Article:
Open government – based on transparency, participation and responsiveness – is needed to enable greater accountability and better use of resources for development. This has already been recognised in the UK Government’s Co-chair vision for the OGP, which has as its first objective to ‘Show that transparency and participation drive economic growth, well-being and prosperity through efficient use of resources, citizen engagement and inclusive development’.
This Thursday 14th February when members of different civil society organisations and cabinet office colleagues meet together to flesh out the UK’s overarching narrative for its own National Action Plan – to be ready in draft form in March/April. As I can’t be there, I wanted to (ab)use this medium to say that I hope that the same approach will be taken: with the three components of transparency, participation and responsiveness taken together and not in isolation; and where openness is seen as good in itself, but as needing to lead to results – concrete changes in people’s lives.
For transparency, the public must be provided with easy access to accurate, credible, high value information in a format that can be easily read and understood and compared across sectors, so as to ensure that key actors across the public, private and voluntary sectors can be held to account. This is especially important as much more information is available – and much more is to come – such as through the EU Accounting and Transparency Directives on payments by oil, gas and mining companies.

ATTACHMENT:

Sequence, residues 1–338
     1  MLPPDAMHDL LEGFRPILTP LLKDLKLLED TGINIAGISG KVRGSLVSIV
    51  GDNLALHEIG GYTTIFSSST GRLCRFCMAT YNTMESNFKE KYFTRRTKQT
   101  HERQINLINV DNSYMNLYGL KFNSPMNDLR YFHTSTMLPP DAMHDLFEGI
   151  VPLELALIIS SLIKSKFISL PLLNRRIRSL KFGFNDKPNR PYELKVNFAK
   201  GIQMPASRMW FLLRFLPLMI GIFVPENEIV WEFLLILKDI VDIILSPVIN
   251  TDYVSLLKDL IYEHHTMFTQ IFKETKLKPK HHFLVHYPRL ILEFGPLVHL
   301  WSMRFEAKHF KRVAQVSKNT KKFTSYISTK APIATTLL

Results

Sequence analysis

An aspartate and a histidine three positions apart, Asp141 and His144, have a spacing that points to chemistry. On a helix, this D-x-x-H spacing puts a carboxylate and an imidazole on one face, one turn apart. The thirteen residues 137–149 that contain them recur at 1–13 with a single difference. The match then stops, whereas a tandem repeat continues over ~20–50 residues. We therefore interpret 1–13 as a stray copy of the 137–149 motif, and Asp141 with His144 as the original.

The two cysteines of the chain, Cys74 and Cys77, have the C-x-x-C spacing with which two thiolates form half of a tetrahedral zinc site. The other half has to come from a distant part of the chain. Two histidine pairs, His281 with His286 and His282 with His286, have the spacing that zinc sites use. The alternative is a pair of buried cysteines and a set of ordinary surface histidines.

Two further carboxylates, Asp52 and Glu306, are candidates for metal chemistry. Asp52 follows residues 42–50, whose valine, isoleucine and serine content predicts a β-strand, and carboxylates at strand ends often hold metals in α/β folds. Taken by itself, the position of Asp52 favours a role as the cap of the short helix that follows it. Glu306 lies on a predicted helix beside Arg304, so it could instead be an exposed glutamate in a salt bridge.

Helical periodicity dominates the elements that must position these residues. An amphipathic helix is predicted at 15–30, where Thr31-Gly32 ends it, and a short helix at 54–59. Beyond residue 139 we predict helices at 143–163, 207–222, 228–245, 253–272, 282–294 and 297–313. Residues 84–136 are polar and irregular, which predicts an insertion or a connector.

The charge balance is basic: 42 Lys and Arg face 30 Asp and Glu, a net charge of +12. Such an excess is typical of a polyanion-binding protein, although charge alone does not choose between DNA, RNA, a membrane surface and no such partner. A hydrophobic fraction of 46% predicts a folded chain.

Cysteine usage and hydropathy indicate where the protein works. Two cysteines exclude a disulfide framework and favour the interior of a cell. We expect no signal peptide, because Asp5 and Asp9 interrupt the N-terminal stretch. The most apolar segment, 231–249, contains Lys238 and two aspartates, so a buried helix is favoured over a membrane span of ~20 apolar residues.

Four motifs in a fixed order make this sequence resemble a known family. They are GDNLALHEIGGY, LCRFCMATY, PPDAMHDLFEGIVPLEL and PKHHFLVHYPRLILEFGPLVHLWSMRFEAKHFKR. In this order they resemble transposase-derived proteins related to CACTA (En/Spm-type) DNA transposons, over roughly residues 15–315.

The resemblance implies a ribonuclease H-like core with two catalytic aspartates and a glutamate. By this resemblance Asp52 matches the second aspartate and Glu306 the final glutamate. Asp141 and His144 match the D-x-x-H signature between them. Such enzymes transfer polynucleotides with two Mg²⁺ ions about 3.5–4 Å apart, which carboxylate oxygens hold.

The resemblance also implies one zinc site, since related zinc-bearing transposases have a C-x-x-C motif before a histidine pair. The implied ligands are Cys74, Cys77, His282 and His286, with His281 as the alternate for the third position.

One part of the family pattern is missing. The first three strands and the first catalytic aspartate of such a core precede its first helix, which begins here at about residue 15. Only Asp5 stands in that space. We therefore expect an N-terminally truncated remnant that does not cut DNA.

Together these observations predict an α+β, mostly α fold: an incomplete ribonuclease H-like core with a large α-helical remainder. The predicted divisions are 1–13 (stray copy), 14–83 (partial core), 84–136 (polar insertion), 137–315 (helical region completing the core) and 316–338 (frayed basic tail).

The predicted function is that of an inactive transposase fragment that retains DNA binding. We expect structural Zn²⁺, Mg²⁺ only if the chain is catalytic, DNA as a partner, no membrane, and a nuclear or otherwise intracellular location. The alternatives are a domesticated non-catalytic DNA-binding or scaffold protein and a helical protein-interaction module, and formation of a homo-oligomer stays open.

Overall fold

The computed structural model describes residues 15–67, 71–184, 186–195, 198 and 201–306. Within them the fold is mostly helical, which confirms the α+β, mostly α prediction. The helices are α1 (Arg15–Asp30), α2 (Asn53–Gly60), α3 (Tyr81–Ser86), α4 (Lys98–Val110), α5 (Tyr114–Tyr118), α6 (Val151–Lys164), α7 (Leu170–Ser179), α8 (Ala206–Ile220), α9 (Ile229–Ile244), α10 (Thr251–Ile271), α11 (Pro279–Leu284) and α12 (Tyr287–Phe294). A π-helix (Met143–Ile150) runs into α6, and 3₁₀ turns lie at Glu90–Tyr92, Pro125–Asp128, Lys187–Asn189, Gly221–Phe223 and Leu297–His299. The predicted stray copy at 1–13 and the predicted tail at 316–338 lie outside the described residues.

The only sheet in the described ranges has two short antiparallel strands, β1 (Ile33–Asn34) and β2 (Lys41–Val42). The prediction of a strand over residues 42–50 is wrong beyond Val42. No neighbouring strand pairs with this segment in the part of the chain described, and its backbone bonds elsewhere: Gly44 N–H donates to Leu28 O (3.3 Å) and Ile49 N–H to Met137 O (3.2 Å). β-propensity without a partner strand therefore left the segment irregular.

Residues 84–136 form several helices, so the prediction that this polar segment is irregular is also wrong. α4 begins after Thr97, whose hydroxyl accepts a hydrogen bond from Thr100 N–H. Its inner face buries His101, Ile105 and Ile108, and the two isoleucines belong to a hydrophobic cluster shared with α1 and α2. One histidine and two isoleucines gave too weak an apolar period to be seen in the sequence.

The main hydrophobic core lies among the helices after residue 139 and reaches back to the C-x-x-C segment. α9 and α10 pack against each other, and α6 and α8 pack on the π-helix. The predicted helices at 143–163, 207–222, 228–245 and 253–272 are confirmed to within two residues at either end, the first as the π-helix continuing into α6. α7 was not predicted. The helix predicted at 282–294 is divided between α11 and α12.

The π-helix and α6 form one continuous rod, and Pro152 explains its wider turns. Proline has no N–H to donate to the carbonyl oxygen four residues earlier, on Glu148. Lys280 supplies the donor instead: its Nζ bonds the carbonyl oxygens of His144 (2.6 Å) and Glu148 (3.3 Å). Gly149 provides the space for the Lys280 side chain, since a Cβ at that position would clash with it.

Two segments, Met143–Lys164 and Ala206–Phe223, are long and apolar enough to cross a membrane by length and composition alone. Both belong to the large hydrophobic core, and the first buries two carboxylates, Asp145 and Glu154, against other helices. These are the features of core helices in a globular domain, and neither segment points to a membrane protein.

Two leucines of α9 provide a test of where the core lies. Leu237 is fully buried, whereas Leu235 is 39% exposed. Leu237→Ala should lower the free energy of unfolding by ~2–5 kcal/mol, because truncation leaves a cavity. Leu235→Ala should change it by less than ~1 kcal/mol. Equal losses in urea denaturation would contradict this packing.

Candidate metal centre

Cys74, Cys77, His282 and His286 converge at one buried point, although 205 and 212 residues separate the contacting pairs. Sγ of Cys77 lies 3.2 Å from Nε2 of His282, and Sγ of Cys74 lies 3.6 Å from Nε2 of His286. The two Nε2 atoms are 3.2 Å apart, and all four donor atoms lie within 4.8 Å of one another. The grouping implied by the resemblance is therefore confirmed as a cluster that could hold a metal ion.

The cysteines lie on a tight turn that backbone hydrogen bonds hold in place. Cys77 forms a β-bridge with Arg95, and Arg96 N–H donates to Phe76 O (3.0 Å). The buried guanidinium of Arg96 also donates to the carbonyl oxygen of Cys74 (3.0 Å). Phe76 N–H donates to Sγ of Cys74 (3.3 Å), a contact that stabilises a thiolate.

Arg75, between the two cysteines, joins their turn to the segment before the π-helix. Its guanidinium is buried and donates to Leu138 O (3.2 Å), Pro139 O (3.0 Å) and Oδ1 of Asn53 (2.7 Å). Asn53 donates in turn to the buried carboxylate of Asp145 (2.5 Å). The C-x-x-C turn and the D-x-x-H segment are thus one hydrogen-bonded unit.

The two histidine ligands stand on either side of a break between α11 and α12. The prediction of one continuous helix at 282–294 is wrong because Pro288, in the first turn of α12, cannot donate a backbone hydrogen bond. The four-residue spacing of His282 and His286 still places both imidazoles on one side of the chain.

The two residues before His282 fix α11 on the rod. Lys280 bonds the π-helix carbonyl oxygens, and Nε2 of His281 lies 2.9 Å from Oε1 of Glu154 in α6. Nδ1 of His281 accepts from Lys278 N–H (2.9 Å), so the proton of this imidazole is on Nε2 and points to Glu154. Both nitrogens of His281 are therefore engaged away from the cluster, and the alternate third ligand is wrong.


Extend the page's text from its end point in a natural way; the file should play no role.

There must be ways of linking the information across sectors and at different levels. This will involve, for example information on natural resource revenues which can be ‘followed’ right down to community level and provision of high quality healthcare, roads and education. It will also include information on key contacts, concessions and procurement processes, so that citizens can participate in decisions before they happen (and not just know what has happened to them!).
Transparency needs to remain linked with enhanced citizen participation as a way of building trust and seeking new ways of policy making and accountability. There must be clear mechanisms of public participation that are open to a wide range of actors, which include civil society but other groups, such as media and business. There is much that can be learned from the successes and struggles of existing multi-stakeholder initiatives, such as the EITI and CoST, as well as open policy-making initiatives, such participatory budgeting and development as popularised in Porto Alegre, Brazil.
With increased access to government information and open data, civil society organisations, media, informal networks, business and individual citizens all have new and expanded roles to play in holding government to account and developing more effective and responsive policy with government. This requires resources and capacity building to strengthen oversight institutions and ‘info-mediaries’ who can interpret complex information for different audiences.
Finally, open government is only possible when there is government commitment and capacity to respond to the suggestions and demands of the process. Capacity will involve strong and effective oversight institutions such as parliaments and audit institutions, and commitment will be shown through government responses to suggestions and complaints and will involve new and more open ways of operating for national and local government departments. The Cabinet Office has recently embarked on new ways of participative policy-making through the way that the OGP Co-chair Vision and the UK National Action Plan have been developed jointly between civil society and government. This has been exciting to be part of.
Over the next few weeks there are plans to broaden this to other areas of government as different civil society groups meet with civil servants from the Treasury, Home Office, DFID, BIS etc to develop practical policy recommendations together. The draft UK Action Plan to be ready in March/April will be evidence of how well this has worked!
Graham Gordon, Senior Policy Adviser, Tearfund